Posted on 10 Dec 2011 06:26:19 GMT
Mark S says:
Thank you for a great review, I would just like to add one point. As a keen walker I think the GPS feature could be extremely useful, e.g. when I go on a walking holiday I may walk 15 miles a day over various parts of Scotland and take hundreds of photos throughout the week. After I have returned home, it is not always possible to recall the exact location of every shot and this would eliminate the need for some "head scratching" not just at the time but in years to come when reminiscing.
Posted on 13 Dec 2011 18:15:06 GMT
A big thank you to A.Reader for an informative review. Keep it up!
Posted on 17 Dec 2011 13:06:37 GMT
M. G. Ashton says:
There are some very good reviews on camera products on Amazon, but this review has to be up there with the best and most informative. If you're considering a career in sales I'm sure Canon would take you on if they read this. I was initially thinking of buying the the Panasonic Lumix TZ20 14.1 mp and 16x zoom, however, I'm not so sure now. I'm no expert on cameras and I'd say my knowledge on them is less than amateur/novice. With this in mind A. reader, do you have an opinion on how they compare (build quality, functionality, ease of use, etc?). Thanks.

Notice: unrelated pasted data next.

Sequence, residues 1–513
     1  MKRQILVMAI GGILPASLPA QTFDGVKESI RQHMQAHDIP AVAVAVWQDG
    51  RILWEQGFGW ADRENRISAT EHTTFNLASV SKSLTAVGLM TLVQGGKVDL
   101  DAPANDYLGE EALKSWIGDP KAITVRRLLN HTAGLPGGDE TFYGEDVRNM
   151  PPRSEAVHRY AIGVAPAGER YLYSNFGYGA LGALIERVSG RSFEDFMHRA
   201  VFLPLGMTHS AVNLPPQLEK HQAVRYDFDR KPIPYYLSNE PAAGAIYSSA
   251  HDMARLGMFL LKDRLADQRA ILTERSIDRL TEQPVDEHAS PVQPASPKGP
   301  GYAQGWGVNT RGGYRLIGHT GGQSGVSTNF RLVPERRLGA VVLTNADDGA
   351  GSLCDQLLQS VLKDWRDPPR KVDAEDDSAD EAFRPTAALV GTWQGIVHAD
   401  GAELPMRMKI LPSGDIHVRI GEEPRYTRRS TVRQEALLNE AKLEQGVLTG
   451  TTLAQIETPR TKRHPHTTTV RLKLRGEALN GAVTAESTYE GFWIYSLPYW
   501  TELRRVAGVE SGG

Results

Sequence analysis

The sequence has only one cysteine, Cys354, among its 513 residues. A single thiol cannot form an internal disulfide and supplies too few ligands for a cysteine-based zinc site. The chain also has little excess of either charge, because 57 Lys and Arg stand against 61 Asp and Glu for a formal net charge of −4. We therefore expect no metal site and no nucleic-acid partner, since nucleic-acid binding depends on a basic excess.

Well done on a great review.
In reply to an earlier post on 17 Dec 2011 13:46:26 GMT
Last edited by the author on 19 Dec 2011 13:49:15 GMT
In response to M.G. Ashton:
Ah, tough one.
Well, actually, not so tough.
I love Panasonic cameras for the Leica lenses and image stabilisation.
I have owned the FZ50, FZ100, G1 and TZ3.
The Panasonic/Leica lenses tend to outperform the Canon ones, however Canon captures the colours better, and you tend to get a more integrated piece of kit that will get you a good, balanced photo every time, though sometimes a bit bland. So, while Panasonics, in my experience, offer more 'wow factor' from their lenses, this can also sometimes be translated into results which seem a bit artificial and 'glary' due to the colour rendition of the cameras. In some areas of their ranges, I do prefer the Panasonic model, for example with superzoom/bridge cameras, I would take a Panasonic Lumix FZ150 over Canon's equivalent offering.